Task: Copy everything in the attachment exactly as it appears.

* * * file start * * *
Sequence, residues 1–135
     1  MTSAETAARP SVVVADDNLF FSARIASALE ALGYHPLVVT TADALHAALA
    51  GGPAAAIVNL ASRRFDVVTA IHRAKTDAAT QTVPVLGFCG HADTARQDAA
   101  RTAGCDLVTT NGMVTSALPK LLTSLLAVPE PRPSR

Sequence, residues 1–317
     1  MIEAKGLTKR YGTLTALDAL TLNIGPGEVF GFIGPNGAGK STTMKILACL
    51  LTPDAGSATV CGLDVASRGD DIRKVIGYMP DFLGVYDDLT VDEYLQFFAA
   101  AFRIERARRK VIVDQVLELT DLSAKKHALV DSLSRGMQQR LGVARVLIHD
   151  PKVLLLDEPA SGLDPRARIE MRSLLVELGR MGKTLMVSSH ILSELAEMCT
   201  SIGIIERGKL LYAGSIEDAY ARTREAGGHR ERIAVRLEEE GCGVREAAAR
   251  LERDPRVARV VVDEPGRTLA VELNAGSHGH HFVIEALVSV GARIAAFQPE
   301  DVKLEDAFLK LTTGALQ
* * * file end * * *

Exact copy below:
Sequence, residues 1–135
     1  MTSAETAARP SVVVADDNLF FSARIASALE ALGYHPLVVT TADALHAALA
    51  GGPAAAIVNL ASRRFDVVTA IHRAKTDAAT QTVPVLGFCG HADTARQDAA
   101  RTAGCDLVTT NGMVTSALPK LLTSLLAVPE PRPSR

Sequence, residues 1–317
     1  MIEAKGLTKR YGTLTALDAL TLNIGPGEVF GFIGPNGAGK STTMKILACL
    51  LTPDAGSATV CGLDVASRGD DIRKVIGYMP DFLGVYDDLT VDEYLQFFAA
   101  AFRIERARRK VIVDQVLELT DLSAKKHALV DSLSRGMQQR LGVARVLIHD
   151  PKVLLLDEPA SGLDPRARIE MRSLLVELGR MGKTLMVSSH ILSELAEMCT
   201  SIGIIERGKL LYAGSIEDAY ARTREAGGHR ERIAVRLEEE GCGVREAAAR
   251  LERDPRVARV VVDEPGRTLA VELNAGSHGH HFVIEALVSV GARIAAFQPE
   301  DVKLEDAFLK LTTGALQ